In part one of this series on making touch-based apps for kids, we talked about a fascinating research project that Sesame Street’s technology development arm released on best practices when developing touch-based apps for children. In that first article, we looked at what the primary objectives should be, interactive design suggestions, and the most common touch gestures that most children use when within an app.
Sesame Street, the iconic show that has made learning fun for millions of children around the world for decades, isn’t just about puppets, ABC’s, and the number of the day. The company also has a dedicated app development and technology arm that is behind some pretty amazing games and apps that reinforce the learning concepts that Sesame Street is known for.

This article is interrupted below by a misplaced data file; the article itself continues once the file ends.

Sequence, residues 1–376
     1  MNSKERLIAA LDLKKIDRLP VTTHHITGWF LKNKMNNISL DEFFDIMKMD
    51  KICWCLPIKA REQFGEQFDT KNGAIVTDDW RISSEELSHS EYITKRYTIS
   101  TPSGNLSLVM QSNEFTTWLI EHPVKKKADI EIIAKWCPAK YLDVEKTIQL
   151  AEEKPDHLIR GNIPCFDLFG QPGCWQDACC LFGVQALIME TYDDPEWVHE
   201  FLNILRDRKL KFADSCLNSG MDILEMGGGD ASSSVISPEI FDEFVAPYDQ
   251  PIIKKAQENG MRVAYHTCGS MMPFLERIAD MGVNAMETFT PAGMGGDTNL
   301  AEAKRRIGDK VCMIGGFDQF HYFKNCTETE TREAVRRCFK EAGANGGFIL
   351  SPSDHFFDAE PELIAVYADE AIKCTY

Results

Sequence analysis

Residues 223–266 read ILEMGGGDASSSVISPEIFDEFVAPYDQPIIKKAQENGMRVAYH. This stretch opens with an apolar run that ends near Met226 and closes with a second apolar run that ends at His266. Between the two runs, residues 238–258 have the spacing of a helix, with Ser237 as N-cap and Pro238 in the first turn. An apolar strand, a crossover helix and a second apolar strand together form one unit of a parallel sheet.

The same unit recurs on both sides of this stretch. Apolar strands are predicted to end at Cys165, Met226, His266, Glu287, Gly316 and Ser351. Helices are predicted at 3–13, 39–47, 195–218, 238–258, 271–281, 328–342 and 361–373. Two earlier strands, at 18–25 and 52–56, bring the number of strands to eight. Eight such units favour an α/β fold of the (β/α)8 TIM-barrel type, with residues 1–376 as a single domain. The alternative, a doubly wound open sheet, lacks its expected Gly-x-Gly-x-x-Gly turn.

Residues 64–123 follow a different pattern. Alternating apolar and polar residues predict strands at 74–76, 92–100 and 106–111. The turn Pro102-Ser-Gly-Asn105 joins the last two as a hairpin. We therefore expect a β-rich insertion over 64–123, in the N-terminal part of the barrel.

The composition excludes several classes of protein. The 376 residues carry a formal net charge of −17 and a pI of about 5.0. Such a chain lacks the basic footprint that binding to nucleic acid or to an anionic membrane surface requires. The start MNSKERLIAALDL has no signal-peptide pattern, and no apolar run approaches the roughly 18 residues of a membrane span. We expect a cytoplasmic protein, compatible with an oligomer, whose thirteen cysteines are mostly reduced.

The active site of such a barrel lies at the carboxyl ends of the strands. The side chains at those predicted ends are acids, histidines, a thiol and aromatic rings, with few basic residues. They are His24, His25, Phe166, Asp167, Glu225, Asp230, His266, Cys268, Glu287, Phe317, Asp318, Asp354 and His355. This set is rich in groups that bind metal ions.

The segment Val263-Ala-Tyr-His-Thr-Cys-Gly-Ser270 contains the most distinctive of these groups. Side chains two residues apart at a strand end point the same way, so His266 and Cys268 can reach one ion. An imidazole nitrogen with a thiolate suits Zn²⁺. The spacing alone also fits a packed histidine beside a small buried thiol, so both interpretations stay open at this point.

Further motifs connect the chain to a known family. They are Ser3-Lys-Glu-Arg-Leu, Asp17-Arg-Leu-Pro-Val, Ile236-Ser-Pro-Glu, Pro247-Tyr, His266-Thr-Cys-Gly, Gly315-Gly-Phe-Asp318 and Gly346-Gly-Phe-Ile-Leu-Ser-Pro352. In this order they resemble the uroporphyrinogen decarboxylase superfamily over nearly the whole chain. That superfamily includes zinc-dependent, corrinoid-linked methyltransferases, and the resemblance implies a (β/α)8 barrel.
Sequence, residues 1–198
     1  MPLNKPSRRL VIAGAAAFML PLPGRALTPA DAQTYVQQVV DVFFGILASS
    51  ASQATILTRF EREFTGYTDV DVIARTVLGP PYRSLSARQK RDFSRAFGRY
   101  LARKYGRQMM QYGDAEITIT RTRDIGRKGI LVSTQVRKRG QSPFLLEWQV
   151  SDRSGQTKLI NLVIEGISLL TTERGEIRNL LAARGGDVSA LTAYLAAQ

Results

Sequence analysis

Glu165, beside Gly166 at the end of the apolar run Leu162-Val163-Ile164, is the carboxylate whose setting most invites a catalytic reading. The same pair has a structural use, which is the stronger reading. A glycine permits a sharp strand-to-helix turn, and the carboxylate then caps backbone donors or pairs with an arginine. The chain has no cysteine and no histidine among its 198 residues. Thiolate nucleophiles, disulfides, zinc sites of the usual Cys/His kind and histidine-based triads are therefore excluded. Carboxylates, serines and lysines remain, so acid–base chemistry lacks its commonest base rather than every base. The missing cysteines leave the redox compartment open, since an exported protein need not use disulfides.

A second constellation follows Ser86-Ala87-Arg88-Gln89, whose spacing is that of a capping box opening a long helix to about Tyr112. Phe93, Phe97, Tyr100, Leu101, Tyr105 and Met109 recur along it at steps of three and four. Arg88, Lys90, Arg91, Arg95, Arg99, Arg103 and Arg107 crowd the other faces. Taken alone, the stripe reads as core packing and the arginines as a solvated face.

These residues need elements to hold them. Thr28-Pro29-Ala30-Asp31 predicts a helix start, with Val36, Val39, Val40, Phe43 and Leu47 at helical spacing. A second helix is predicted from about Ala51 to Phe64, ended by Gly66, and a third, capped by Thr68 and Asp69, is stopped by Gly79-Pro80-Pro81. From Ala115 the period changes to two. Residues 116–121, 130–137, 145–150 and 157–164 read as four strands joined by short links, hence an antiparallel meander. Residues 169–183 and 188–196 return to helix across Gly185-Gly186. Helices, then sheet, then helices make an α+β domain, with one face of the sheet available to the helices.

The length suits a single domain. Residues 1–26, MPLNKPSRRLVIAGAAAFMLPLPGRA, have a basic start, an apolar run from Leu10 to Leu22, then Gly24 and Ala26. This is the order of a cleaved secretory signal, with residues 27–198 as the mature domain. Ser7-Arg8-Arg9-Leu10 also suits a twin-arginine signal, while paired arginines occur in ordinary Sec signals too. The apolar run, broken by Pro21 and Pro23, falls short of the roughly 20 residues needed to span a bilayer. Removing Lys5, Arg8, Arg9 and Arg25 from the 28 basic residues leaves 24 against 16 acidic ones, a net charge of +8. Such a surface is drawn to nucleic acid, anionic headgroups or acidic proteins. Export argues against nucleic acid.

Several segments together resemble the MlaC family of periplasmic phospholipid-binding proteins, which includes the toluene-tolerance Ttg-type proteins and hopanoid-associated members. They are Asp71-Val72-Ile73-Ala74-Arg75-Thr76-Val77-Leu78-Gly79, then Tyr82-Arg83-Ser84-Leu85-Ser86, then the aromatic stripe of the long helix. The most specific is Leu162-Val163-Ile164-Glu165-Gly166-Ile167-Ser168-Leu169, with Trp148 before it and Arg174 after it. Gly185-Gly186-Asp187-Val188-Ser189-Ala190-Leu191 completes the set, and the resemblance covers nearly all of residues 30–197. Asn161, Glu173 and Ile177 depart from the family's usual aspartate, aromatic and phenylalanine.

Someone asked me recently how to take advantage of multi touch in Unity apps running on Windows 7 & Windows 8 desktop. I remember saying things like “it should be really easy”, and “Someone must have done that” and “go look for a plugin”. He came back and told me he couldn’t find one, so I looked myself and sure enough lots of people wanted one but nobody had one that they were willing to admit. So, time to start rooting about in code.